gave its iPhone and Android apps a kick up the rear with a big update in February – but the online music service isn’t stopping there. We’ve learned that more new features are closed to launch, and that tablet support is incoming too. Read on for the details.

In an interview with’s vice president of product, Matthew Hawn today, we learned that the service plans new additions to the Android and iPhone apps, which moved to a premium business model in February. “Next on the list” is an option for cached radio streaming, so you can listen to your stations “on the tube”, akin to Spotify’s offline playlists.

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Hawn wouldn’t say when this feature would be rolled out, but did reveal that it was soon, and likely a simultaneous release on Android and iOS – the music oriented social network is trying to “bring them both back into sync”.

Also on the cards is a new “tablet experience” for the apps. The iOS up currently has to be upscaled to the iPad’s resolution, but Hawn says a new tablet optimised experience is “close”.

You can bet those will be tailored for iPad and Honeycomb first and foremost, but that might not be all. “You know we can’t get onto every single platform, but the [BlackBerry] PlayBook is high on the list, and the same thing goes for HP and webOS,” he said. He also suggested that would “probably” try and get the Android app approved by RIM to be sold on the app store for its slate.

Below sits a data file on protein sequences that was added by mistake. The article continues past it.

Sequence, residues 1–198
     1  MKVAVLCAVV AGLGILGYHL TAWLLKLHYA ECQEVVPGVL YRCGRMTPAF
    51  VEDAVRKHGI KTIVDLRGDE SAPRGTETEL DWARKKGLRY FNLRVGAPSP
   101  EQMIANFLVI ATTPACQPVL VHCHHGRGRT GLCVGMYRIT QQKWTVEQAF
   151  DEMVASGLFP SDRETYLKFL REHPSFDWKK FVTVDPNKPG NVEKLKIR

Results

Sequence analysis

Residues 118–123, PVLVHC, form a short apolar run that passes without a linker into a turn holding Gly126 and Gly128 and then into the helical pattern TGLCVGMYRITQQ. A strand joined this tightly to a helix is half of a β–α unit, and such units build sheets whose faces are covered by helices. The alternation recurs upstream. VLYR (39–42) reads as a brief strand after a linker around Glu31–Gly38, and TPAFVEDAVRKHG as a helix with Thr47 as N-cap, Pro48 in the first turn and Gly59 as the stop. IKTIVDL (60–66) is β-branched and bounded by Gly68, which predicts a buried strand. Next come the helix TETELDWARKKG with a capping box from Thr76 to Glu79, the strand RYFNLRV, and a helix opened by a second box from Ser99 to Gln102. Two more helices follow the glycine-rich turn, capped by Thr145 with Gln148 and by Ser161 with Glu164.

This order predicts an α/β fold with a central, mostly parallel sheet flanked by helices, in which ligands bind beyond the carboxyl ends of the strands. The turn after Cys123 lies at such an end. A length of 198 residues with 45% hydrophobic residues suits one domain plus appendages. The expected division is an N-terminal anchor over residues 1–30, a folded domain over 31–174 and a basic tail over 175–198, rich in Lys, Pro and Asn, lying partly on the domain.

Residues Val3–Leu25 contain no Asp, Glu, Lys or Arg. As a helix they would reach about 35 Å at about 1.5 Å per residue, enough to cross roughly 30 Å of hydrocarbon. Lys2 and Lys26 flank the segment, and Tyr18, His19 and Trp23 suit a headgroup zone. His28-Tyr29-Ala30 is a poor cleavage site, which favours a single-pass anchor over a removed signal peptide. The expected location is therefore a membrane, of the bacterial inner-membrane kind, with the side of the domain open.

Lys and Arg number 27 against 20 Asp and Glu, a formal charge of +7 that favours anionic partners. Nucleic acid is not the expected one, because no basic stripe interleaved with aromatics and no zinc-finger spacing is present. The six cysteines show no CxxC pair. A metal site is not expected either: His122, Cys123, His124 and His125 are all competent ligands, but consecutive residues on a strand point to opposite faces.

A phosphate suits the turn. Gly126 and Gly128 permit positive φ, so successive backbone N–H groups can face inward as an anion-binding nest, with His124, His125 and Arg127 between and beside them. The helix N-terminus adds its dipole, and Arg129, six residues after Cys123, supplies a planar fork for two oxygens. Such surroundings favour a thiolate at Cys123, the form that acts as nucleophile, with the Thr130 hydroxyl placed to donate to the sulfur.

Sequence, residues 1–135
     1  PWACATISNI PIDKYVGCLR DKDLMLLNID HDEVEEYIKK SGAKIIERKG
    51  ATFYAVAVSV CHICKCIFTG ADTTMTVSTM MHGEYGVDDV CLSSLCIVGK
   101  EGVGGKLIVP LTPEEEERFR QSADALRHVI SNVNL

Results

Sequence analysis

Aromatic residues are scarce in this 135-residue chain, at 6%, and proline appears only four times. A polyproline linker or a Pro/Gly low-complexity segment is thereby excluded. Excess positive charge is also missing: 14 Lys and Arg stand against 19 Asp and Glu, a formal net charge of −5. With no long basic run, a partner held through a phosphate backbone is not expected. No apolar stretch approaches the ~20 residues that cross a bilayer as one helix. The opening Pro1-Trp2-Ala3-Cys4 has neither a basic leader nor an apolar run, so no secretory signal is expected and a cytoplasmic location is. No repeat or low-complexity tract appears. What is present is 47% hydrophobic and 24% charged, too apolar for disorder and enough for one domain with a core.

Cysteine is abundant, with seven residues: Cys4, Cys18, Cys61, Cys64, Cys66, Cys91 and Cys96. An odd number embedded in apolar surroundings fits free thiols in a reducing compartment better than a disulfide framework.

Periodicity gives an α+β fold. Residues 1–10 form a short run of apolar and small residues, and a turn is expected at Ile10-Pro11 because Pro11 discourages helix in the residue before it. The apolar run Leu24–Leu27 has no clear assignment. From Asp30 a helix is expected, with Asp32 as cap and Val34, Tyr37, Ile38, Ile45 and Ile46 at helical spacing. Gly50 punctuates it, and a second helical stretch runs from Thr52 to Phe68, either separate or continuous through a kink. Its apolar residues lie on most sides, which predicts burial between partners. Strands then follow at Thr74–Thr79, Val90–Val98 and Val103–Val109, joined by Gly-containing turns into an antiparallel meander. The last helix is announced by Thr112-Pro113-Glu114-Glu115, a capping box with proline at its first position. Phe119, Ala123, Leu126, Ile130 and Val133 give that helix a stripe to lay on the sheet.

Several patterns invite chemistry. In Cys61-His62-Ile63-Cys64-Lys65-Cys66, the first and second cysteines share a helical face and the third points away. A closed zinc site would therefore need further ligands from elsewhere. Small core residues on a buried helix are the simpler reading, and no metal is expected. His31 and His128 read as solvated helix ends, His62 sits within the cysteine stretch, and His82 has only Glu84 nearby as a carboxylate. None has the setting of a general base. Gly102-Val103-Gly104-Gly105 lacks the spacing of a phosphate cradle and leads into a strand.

Hawn, who joined the London based service late last year, also revealed that 800 songs are now being scrobbled (logged to refine recommendations for other users) every second by users, and that the Xbox 360 is now the most used device for streaming stations, other than a PC.

“A year from now, more people are going to be listening in more places,” he said. “I see us being the connected tissue between them…we can sit in between alll these services.”

Can it? Let us know your thoughts in the comments below.

  • Moorsta would be the ultimate online music service if they were to combine their model and the spotify model, at present I use both but I think spotify (and or grooveshark) have the edge in that you can select any track to play whenever you want.

    • Anonymous

      To be honest are happy with that in some resepects – since they can scrobble data to from Spotify, gets the data for targeted ads while serving you up music recommendations – which is still Spotify’s big failing.

      • Moorsta

        agreed.. i use both services and we7 and scobble everything in order to build up my library, its just a shame that if you want the best experiences of both services, you need to pay two subscriptions

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